The blogger's only comment about the findings are this: "How's that for a double standard?" Well, it is, for sure. But I guess it bodes well for Christianity in general that we are disassociated with violent acts in the name of religion (although some think otherwise). As an aside, I think it is worth noting that the most horrific and brutal acts in history were carried out by people who, like Mr. Mehta, professed no faith at all.
   But I'm sure Mr. Mehta (and the Institutes) would never have thought to ask an even more provocative question, and it is this:

   Isn't being a criminal actually a prerequisite for being a Christian?

   I think the answer to that question should be an unqualified, emphatic YES! For at the heart of Christianity, as Christ taught it, were two hard truths: 

   First, Man is a criminal, if not for crimes against humanity, then for crimes against divinity—rebelling against and denying a God who made him and sustains him.
   And second, judgment has been passed and a sentence has been handed down. But strangely enough, the penalty has been paid for the crime, and we can walk free, if we admit our guiltiness and accept the payment.
   I have said in the past that a church is "a wonderful community made up of murderers, adulterers and thieves." If you've worked it out how to atone for your own shortcomings (sin, in Biblical parlance), or you disagree that you have any, then neither Christ nor Christianity will be your cup of tea. But if you have doubts...
—Wayne S.
P.S.: For those of you who like to get your sociology freak on, the above mentioned study is fascinating stuff.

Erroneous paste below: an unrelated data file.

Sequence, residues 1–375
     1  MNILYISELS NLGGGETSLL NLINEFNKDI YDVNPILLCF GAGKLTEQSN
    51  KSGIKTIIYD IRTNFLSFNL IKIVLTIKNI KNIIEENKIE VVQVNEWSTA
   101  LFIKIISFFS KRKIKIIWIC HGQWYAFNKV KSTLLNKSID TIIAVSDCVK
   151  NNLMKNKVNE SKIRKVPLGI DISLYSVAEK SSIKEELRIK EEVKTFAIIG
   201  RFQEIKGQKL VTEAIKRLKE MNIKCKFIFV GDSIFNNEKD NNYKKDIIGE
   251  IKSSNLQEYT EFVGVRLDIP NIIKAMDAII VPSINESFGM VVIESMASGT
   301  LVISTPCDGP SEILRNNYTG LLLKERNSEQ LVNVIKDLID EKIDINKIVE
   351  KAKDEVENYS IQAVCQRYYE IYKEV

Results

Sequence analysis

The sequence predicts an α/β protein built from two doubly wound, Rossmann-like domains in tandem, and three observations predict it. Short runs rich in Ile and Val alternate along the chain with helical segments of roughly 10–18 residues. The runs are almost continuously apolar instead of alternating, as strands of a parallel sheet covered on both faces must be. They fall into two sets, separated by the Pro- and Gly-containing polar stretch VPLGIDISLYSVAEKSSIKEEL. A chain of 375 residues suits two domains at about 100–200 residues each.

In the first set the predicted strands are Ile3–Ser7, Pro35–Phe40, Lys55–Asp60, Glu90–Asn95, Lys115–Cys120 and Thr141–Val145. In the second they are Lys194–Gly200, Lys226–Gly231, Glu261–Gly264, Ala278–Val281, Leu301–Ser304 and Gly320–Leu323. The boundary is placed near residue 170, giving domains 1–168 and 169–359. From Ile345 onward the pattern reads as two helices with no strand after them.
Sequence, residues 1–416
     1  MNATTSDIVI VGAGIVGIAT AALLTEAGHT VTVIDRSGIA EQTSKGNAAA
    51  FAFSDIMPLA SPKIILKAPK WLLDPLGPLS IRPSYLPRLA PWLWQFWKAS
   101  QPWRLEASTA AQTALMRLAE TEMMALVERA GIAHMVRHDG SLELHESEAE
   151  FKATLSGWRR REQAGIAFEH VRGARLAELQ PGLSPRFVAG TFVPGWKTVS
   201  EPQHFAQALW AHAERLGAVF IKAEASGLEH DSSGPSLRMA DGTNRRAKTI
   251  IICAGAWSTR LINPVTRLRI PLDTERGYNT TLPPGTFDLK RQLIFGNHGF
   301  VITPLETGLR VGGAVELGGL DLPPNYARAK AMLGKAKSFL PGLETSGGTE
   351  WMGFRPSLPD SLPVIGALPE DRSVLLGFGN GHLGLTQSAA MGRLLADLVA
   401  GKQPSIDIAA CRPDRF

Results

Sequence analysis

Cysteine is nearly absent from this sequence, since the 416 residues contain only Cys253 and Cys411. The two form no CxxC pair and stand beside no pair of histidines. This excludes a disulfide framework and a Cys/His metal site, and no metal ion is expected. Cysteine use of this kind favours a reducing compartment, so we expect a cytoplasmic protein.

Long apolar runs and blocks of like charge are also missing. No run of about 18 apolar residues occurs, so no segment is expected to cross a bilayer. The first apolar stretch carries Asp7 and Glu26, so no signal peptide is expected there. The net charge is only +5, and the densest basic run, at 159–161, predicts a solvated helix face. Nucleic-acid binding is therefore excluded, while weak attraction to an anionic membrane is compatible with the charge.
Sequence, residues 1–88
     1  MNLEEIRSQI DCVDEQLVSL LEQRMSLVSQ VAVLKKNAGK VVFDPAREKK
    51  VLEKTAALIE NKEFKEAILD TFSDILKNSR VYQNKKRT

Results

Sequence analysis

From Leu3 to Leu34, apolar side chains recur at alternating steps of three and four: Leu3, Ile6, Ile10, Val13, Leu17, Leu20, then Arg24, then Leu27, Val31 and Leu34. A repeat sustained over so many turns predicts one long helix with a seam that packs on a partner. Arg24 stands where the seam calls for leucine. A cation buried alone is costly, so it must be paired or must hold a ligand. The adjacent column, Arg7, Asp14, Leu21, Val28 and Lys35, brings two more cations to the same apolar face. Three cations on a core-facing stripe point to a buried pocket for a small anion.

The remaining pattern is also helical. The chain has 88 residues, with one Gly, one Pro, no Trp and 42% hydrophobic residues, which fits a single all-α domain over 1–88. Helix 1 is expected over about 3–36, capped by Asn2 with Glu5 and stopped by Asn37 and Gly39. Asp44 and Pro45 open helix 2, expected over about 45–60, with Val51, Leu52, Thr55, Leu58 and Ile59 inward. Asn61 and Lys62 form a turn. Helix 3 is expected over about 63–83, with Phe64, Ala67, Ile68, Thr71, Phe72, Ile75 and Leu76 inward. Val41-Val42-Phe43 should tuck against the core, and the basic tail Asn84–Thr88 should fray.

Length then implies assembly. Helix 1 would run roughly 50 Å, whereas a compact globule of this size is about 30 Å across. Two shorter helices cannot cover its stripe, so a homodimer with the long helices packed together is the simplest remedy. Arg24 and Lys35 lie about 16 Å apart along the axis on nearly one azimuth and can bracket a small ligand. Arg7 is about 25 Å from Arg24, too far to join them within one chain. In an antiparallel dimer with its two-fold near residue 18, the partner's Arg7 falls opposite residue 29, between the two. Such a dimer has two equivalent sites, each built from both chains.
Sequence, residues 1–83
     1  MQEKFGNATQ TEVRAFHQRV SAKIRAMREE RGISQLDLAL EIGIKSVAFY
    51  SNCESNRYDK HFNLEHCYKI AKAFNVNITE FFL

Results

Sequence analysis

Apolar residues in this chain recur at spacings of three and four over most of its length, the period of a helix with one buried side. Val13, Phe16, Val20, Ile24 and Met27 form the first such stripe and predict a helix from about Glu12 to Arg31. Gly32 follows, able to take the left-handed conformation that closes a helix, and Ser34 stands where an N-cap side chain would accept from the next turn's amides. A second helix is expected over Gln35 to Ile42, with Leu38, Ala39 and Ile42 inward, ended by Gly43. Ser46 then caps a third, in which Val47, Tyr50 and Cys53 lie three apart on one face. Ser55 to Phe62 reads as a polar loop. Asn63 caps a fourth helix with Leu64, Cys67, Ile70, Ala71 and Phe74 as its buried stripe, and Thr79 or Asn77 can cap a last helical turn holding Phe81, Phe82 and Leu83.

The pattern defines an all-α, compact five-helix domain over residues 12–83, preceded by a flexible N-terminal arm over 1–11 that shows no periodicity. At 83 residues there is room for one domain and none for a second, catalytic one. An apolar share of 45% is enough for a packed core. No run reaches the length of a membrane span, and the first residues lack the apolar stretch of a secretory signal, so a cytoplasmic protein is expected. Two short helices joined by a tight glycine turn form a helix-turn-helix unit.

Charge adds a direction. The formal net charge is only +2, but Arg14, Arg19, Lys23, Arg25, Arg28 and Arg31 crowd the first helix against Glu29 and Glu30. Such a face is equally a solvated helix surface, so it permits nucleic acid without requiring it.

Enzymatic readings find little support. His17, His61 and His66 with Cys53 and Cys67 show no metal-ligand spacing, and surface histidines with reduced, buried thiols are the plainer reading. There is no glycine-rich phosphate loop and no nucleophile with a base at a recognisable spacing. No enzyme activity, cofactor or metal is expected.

Wednesday, September 07, 2011

Dialogue, not dogma.

“I just spoke to Christianity Today,” Farmiga shares, “and they were extremely grateful for fully realized representations of Christians, where they’ve been given senses of humor and exquisite personalities. And yes, faults, but not to the degree where mockery is being made. They’re three-dimensional portrayals. And then you’ve got the other side that have come to me and said ‘I was fully prepared to be cynical and not connect, and in fact didn’t want to connect. And I found myself incredibly touched, and I thank you for that openness.’ So it’s wild to see unexpected reactions from either skew. But you know, I think films are the best sermons. No matter what faith you’re coming from—Hinduism or Buddhism or Islam or Judaism or whatever. The best sermons within all these faiths are the ones that provoke dialogue and don’t instill dogma.”
Vera Farmiga, on her directoral debut film Higher Ground, as quoted in Paste Magazine.

Sunday, September 04, 2011

Science or Morality?

There are many things that are “unscientific” but not anti-scientific, things science can’t prove but can’t disprove either—things everyone accepts, like beauty, and love, and morality, and the presence of a self, an “I” in this body, not just atoms. So there’s nothing wrong with being “unscientific.”
Today, most people who don’t believe in God are not hard-headed scientists who demand rational proof of everything, but softhearted, compassionate people who are afraid God is too tough, too demanding, too “judgmental,” too moralistic. The primary reason for refusing to believe in God—the God of Judaism, Christianity, and Islam—is moral today.
from Angels and Demons, by Peter J. Kreeft